Hot Air Balloon

Early morning breakfast in the dark, while waiting for our balloon flight.

Hot Air Balloon

Our balloons are getting blown up! Spot the Parlo Tours balloon.

Hot Air Balloon

A different sort of sunrise — from waaaaaaay up high.

Hot Air Balloon

Happiness is riding on a bubble.

Hot Air Balloon

The amazing plains of Cappadocia.

Hot Air Balloon

Just can’t get enough of all the little blobs flying over this gorgeous landscape.

Hot Air Balloon

Check out the number of hot air balloons in the sky!

Hot Air Balloon

Celebrating our end-of-flight with a glass of pomegranate champagne.

Hot Air Balloon

My pilot from Rainbow Balloons, and my certificate.

Hot Air Balloon

A view of the balloons from the ground. As shot by my tour mate, Lilian.

The Hot Air Balloon Ride over Cappadocia

We were up super early the next morning. By 5.30am, we were ready and waiting for the bus to pick us up to the ultimate experience in Cappadocia — the Hot Air Balloon Ride. The opportunity to ride on a hot air balloon is entirely up to th weather and wind conditions that day; and even though we were all waiting in the open space, in the dark, in the cold, by the balloons — the flight was not confirmed until 8 pilots collectively agreed that the weather was safe to fly in. We were very lucky that day, because after 3 days of no-flying (prior to our arrival in Cappadocia), we got the green light.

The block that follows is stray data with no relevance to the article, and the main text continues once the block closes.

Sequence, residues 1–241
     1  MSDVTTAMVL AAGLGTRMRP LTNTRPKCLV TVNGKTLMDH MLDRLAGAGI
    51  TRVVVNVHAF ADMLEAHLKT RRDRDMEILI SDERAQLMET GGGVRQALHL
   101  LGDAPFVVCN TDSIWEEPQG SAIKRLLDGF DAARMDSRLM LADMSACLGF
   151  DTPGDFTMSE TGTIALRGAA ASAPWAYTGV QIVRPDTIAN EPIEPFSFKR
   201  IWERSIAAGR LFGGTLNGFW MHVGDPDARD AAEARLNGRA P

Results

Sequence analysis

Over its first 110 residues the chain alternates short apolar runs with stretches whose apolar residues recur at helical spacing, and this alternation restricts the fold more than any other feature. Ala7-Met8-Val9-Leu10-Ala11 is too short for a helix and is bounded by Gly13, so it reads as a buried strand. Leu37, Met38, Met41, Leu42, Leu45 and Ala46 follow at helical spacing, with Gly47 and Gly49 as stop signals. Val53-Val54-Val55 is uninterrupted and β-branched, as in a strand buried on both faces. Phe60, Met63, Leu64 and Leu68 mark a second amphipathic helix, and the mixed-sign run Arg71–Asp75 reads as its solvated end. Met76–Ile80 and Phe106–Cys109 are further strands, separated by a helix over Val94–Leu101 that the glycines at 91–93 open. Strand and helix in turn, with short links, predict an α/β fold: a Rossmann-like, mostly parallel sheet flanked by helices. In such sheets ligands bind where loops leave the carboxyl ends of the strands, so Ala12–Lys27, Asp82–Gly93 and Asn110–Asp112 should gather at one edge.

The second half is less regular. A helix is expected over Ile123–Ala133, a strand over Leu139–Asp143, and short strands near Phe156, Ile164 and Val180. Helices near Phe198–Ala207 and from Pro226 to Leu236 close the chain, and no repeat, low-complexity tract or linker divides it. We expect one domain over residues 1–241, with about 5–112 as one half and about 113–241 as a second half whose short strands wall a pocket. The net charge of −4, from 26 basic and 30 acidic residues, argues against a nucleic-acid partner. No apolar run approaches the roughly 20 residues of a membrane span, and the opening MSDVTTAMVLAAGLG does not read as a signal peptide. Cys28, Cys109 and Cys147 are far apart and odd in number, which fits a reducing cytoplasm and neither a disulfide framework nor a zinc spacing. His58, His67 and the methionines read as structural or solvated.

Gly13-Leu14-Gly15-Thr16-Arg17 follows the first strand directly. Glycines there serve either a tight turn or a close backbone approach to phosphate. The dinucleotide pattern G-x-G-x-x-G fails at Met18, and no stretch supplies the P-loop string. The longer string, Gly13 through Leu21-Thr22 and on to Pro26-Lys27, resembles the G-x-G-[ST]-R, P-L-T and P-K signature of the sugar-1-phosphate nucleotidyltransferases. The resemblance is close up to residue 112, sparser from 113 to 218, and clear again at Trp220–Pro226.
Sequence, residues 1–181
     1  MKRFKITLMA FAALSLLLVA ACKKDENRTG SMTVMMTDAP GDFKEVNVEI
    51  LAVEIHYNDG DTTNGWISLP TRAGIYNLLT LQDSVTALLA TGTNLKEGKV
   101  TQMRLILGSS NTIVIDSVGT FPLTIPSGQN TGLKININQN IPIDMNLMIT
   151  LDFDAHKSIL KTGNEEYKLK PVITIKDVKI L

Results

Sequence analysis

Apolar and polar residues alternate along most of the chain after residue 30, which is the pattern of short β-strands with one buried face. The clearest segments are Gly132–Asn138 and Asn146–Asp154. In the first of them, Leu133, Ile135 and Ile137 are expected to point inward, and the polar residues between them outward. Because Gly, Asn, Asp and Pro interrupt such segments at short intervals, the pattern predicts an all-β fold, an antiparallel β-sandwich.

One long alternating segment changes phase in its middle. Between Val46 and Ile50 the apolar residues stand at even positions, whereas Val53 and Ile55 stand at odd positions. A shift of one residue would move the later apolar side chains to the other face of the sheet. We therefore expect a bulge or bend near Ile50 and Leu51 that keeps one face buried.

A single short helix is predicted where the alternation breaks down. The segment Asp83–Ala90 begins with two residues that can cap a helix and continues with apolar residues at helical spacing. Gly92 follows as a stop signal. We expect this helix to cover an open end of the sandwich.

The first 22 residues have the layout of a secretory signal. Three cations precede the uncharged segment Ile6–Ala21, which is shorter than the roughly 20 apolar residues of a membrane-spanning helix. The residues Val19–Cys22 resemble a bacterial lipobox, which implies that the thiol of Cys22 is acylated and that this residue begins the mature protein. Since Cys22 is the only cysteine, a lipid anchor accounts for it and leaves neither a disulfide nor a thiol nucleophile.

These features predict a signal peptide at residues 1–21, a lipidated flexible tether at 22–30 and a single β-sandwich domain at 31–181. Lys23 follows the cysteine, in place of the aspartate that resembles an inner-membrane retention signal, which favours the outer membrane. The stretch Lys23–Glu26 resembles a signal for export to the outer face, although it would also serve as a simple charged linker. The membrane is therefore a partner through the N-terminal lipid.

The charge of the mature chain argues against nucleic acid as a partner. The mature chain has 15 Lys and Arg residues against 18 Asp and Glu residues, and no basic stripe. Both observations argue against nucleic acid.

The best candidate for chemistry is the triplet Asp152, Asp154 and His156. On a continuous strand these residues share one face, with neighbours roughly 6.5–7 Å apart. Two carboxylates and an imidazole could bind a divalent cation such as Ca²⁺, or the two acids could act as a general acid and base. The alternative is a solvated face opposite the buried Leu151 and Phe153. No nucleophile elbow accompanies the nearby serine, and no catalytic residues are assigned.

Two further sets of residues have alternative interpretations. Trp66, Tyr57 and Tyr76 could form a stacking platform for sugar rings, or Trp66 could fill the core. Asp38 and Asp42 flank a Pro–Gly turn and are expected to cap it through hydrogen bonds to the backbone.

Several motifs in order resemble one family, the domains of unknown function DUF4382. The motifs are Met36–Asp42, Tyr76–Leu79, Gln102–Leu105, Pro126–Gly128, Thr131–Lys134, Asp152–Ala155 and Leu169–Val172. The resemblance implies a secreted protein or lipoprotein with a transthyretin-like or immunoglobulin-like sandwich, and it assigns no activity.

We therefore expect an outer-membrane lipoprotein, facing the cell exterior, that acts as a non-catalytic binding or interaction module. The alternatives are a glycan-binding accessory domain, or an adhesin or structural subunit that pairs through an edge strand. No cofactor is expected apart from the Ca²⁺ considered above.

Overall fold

It was so exciting watching the balloons being blown up. As soon as the sun peeked over the horizon, we could see more and more balloons starting to fly up in the air. Very soon, we joined the hundreds of balloons floating over the plains of Cappadocia. I am not one for heights, but being up there was so exhilarating that I just couldn’t stop staring, and taking pictures, and looking up, and looking down, and staring some more. We saw the sun rise, and the shadows moving across the brown rocky landscape. Our pilot flew close to the fairy chimneys, over the hills, and even went up to the maximum height of 800 meters. It was one hour of pure wonder.

After a lovely time admiring Cappadocia from above, our basket did a perfect landing on the back of the truck. All 18 of us (the basket we were on could fit 20, and some can go as many as 25) celebrated the experience with a glass of champagne and received a ‘Certificate of Participation’ from our pilot. I also went to personally congratulate the couple who got engaged mid-air (with us as witnesses to the proposal).

Some people watch the balloon spectacle from the ground, some from the balconies of their hotels (I heard that famous instagram shot is from the Sultan Cave Suites), and some even hire a jeep to drive them to the top of the hills for a better view. Whatever way you decide to see it — it is an unforgettable experience. The hot air balloon ride costs an additional US$230(~MYR960) per person; a little expensive but to me it was money well spent, and I am so glad we decided to do it.

Goreme Museum

Our first view of one of the many monasteries at the Goreme Open Air Museum.

Goreme Museum

More valleys and rock surfaces can be seen from the museum.

Goreme Museum

The monastic complex, and the many rock-cut churches within them.